Today we continue our series of drawing inspiration from the Gospel canticles and finish the Song of Zachariah. The last lines say, “And you, child, will be called the prophet of the Most High; for you will go before God to prepare their ways, to give knowledge of salvation to God’s people by the forgiveness of their sins.By the tender mercy of our God, the dawn from on high will break upon us, to give light to those who sit in darkness and in the shadow of death, to guide our feet into the way of peace,” (Luke 1:76-79).
The child in this passage is John who will be called the Baptist and the Forerunner. In the Christian tradition, he fulfills the words of Isaiah of “a voice crying out in the wilderness” (Isaiah 40:3). He will announce the public ministry of Jesus and baptize Jesus in the River Jordan. John is a Jew of the priestly order; he fulfills the most basic requirement to be a priest: he is the son of a priest and a prominent priest at that. His future is guaranteed. When he eventually matures and goes to the desert preaching the coming of a messiah, he simultaneously seems to be throwing away his future just as people wonder if he’s not in fact the messiah.
Though they will deny it, each generation shares at least one experience with their parents’ generation: they will, collectively, have children and have dreams for those children. I don’t have children, but I have a nephew. I imagine Jack going to the Naval Academy, studying engineering, becoming a Marine, and, after a short stint in the Marines becoming an Episcopal priest. Am I projecting? Of course, I am just as parents, grandparents, aunts, and uncles always have. But when Jack becomes an accountant, an artist, or something else entirely, his parents and I will support his decisions even if we struggle to understand them. Unfortunately, not all parents and family members are that supportive.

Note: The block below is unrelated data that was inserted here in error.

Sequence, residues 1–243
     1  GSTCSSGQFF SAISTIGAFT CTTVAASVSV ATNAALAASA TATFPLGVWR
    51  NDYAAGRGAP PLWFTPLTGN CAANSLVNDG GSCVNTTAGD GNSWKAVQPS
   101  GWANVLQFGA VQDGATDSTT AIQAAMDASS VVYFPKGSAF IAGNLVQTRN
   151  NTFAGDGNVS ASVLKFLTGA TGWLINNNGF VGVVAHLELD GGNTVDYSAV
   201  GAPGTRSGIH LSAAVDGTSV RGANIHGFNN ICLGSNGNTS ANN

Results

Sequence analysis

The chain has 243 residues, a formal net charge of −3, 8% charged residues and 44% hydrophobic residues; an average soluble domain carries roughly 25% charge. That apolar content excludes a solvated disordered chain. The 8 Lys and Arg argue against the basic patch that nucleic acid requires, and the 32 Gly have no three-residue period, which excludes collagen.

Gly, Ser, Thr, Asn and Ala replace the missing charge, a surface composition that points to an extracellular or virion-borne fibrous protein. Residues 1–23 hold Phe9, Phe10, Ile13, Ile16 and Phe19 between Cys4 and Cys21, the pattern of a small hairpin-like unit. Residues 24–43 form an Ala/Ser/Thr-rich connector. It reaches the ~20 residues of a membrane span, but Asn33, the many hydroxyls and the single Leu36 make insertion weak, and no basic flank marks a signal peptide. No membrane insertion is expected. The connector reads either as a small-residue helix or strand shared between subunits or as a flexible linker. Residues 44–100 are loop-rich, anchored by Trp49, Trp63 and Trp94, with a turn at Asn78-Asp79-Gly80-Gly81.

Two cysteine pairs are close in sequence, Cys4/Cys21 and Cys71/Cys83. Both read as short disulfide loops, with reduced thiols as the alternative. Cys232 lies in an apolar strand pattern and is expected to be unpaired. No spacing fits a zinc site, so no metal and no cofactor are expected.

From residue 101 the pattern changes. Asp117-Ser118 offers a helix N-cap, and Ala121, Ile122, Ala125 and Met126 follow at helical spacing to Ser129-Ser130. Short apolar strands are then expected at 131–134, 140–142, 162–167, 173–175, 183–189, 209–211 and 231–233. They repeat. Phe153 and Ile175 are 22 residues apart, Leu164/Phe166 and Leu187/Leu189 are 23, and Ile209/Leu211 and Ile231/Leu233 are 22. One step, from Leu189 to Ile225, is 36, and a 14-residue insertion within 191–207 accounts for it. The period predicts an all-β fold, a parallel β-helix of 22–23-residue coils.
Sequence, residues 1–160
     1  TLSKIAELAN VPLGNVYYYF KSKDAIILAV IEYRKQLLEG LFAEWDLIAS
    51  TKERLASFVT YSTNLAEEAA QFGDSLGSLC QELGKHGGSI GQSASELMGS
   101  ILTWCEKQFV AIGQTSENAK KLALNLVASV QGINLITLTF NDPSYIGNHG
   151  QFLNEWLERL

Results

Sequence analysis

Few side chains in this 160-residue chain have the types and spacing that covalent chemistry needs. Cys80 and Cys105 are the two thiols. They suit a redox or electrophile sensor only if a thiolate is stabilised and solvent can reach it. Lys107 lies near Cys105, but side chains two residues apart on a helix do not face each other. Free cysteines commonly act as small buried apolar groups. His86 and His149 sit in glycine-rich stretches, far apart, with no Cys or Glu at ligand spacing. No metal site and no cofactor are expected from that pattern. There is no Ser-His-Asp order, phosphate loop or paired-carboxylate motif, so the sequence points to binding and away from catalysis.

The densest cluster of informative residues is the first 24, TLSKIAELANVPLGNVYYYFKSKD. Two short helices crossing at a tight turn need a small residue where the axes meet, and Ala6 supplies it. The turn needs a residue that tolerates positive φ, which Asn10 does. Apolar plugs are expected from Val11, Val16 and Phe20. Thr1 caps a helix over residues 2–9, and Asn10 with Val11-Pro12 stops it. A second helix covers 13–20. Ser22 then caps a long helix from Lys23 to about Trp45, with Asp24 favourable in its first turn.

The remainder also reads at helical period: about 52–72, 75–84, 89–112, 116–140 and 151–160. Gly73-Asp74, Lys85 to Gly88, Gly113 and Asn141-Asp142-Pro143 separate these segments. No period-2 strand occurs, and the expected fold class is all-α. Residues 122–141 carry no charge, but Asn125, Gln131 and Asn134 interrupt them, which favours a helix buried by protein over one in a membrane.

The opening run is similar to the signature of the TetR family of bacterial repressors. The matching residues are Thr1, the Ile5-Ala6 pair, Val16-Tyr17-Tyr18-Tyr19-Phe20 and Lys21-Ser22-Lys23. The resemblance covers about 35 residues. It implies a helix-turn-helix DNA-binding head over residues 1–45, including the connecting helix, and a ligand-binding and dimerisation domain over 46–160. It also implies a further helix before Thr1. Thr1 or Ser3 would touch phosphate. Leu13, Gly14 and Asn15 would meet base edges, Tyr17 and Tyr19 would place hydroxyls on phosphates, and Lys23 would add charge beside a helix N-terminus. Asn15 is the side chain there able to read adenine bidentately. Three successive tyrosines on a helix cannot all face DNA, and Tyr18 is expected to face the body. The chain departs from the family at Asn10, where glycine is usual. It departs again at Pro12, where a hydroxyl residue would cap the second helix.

Often when LGBTQIA+ children are targeted in schools or churches, it’s under the guise of parents losing influence over their children. If parents don’t know that their children are Queer, then how can they mold and form those children into projections of the parents’ desires and unachieved dreams? Further, if parents want carbon copies of themselves who espouse their values, then what right does a school, a church, or another organization have to encourage children to do or be otherwise?
I wonder what Zachariah and Elizabeth, John’s parents, said when their son donned animal skins, moved to the desert, at locust and wild honey, and preached about the coming of a messiah. Was he just finding himself or was this maybe a phase? Did Zachariah shake his head disapprovingly? Did Elizabeth dodge questions about what John was doing? Or did they embrace their arguably eccentric son and love him all the same? I hope it was the latter.
Who do you have dreams about? Who had or has dreams about you?
Let us pray: God of expectations and God of possibilities, reveal in us the stories you are co-creating. Show us the influence that others have and help us discern good advice. Strengthen us when we influence others. May our words be your words and may those who hear us know the difference. Amen.
Blessing, friends, on your weeks. Let me know if there is anything I can do for you.